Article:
New Zealand singer-songwriter Pip Brown took her stage moniker, Ladyhawke, from the Richard Donner film of the same name, claiming to identify with the steely strength of the titular heroine played by Michelle Pfeiffer. But the similarities extend far beyond that. Both entities are firmly rooted in the ’80s (despite one not rearing its head until 2005)–pleasant but ultimately forgettable pieces of pop culture that value style over substance. Ladyhawke the film visually captured the majestic countryside and crumbling ruins of medieval France, but its story of supernatural romance was gimmicky at best. Ladyhawke the musician doles out New Wave hooks by the earful, but they begin and end with their catchy-ness. The majority of the tracks on her second full-length, Anxiety, teem with chilled vocals, crunchy guitar, and keyboard blurps that move hips to sway before showing their hollowness as soon as one steps off the dance floor.
Make no mistake; there’s nothing wrong with repetition. LCD Soundsystem built an entire career out of lengthy cuts saturated with thumping disco bass and sugary distortion. But James Murphy possesses a keen sense of nuance and pacing, meticulously constructing his wall of sound brick by sonic brick. Although his songs are often anchored by a simple beat, he weaves in wildly varying tweaks and instrumentation for moments of both unleashed momentum and well-measured restraint. Brown on the other hand–an artist whose shorter melodies feel longer than anything off of Sound of Silver–often opts to start things with a tinny drumbeat that immediately gives way to a full volume stew of radio-friendly electronica. Opener “Girl Like Me”, “Sunday Drive”, “Vaccine”, and closer “Gone Gone Gone” all take this approach. The poppy static lures one in right away, but the pulse grows tiresome due to its refusal to change. It’s as if she can’t wait to get to the good stuff.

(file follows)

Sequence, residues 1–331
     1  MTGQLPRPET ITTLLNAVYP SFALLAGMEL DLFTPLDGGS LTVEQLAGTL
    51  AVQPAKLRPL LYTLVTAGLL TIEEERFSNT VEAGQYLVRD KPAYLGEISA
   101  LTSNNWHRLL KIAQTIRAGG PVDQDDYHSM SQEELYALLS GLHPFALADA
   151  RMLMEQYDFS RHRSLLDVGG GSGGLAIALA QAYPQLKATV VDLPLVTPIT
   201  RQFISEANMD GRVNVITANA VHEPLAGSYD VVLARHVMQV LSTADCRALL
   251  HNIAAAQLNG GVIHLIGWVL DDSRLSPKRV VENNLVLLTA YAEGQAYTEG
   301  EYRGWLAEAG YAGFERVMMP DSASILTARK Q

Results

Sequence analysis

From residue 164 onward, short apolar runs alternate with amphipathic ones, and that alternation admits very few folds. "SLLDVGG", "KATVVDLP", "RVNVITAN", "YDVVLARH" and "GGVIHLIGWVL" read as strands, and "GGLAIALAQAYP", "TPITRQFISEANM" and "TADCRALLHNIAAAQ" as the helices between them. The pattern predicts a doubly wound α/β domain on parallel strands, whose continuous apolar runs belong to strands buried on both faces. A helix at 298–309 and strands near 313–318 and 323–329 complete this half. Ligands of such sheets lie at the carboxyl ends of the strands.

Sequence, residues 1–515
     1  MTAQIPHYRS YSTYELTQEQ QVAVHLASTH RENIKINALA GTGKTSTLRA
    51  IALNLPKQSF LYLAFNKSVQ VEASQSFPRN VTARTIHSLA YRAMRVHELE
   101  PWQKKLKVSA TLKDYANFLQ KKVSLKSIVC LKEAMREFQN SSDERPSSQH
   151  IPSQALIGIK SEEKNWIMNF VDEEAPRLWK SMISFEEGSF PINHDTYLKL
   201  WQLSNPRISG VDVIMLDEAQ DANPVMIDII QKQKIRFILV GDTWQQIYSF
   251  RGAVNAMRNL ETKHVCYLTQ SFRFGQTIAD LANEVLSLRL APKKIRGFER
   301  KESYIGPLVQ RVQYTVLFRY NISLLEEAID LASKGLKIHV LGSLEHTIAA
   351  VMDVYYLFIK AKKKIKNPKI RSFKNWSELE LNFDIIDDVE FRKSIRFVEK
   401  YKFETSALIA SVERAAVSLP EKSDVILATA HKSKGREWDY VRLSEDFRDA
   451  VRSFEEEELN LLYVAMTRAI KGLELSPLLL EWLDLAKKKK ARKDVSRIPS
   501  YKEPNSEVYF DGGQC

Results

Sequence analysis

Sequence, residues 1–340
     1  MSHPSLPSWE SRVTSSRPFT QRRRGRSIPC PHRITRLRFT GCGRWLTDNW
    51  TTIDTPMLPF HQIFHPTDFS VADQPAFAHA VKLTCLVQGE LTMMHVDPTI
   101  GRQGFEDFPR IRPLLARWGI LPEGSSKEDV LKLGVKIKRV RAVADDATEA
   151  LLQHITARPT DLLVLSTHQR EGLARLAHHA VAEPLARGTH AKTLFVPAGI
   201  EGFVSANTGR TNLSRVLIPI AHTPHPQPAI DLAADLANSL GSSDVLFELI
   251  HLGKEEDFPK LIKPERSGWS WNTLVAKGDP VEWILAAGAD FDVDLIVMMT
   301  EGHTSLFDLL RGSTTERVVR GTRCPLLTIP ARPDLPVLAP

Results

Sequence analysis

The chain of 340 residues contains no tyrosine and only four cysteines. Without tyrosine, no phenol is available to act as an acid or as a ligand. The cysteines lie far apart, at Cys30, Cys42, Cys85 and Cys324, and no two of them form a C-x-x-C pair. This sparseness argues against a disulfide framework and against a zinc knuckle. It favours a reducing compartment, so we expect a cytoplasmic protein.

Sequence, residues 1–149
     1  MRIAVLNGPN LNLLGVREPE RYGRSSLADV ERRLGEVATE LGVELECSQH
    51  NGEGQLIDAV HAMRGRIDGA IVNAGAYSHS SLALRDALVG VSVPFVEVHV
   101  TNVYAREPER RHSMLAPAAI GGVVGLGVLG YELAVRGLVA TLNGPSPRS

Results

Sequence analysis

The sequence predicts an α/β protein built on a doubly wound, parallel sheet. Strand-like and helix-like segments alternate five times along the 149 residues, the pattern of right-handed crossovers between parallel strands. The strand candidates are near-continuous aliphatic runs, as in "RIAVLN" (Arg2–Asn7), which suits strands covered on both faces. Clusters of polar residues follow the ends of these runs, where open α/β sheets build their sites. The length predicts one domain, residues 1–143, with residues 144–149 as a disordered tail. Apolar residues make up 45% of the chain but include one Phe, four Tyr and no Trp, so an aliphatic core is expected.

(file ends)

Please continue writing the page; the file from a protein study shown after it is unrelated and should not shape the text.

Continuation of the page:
Her apathetic vocal delivery only adds to the monotony. Lines such as “And now that you realize you see the pain in my blue eyes/There’s nothing more I can do than sing you lies” coast along with detached vibrato when they could easily be moments of snarling defiance or engaged grief. The verbal slickness makes for choruses that sound oddly robotic.
Anxiety works best when Brown steps out of her comfort zone and displays genuine vulnerability. The moody plod of Cellophane seems more concerned with catharsis than groove, and its the one moment where the singer connects with her lyrics, surprising given that nearly all of them deal with romantic turmoil. No sleep tonight. Were on the night train to anywhere but here, she rasps and quivers, finally allowing the listener into her head by letting the coolness melt away from her voice. The songs middle silences all the bells and whistles in favor of a cavernous tom and barely audible bass line. Its a rare instance of subtlety that shows Brown is far more captivating when being sincere instead of flashy. If she ventures farther in this direction, she might have an album of ear candy that’s both instantly sweet and ultimately satisfying.
Essential Track: “Cellophane”